A coalition of civil rights groups are suing New York's Board of Elections in federal court over what they say is a design flaw in the way new electronic voting machines are set up that could lead to thousands of votes being thrown out.
The problem is that if you vote for too many candidates in one race the state's new machines tell you you've “over-voted,” but they still allow you to submit your ballot that way, instead of filling out a new one. That means you would be choosing to have your vote discounted for the race in which you’ve “over-voted”.
In Florida’s 2008 election, the machines were set up with a similar system in about a dozen counties and voting rights groups say about 12,000 votes were lost. Advocates say this discriminates against senior citizens, minorities and people who don't speak English well.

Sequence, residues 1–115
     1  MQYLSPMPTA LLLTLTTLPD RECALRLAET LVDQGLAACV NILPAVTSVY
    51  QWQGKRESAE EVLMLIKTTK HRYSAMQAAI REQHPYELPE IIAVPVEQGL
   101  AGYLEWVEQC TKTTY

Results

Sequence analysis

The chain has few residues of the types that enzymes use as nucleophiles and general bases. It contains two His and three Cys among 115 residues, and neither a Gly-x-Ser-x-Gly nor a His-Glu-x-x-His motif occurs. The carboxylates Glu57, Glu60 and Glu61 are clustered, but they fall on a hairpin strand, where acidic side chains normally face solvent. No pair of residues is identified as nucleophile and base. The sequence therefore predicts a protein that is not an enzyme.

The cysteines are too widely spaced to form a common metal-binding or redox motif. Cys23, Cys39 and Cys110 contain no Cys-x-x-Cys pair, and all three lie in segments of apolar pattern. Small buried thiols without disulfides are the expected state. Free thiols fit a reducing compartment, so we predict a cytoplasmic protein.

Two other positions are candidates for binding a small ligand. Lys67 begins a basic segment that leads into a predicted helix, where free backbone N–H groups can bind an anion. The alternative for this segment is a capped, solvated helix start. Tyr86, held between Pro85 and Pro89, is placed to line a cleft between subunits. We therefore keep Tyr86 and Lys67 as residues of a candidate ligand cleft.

"Fix the machines. It's easy. No money. We always talk about democracy--this mayor of the city is talking about reform, what could be better reform than to make sure that every citizen's vote counts," says Hazel Dukes of the NAACP.
Advocates say it's easy to fix and just requires changing the settings on the machines so that they spit your ballots back if you over vote.
The Brennan Center for Justice at the NYU law school is filing the suit today.
The State Board of Elections spokesman John Conklin says the system is legally compliant and understandable, and that the board cannot make a change to the system and adequately test it before the election this fall.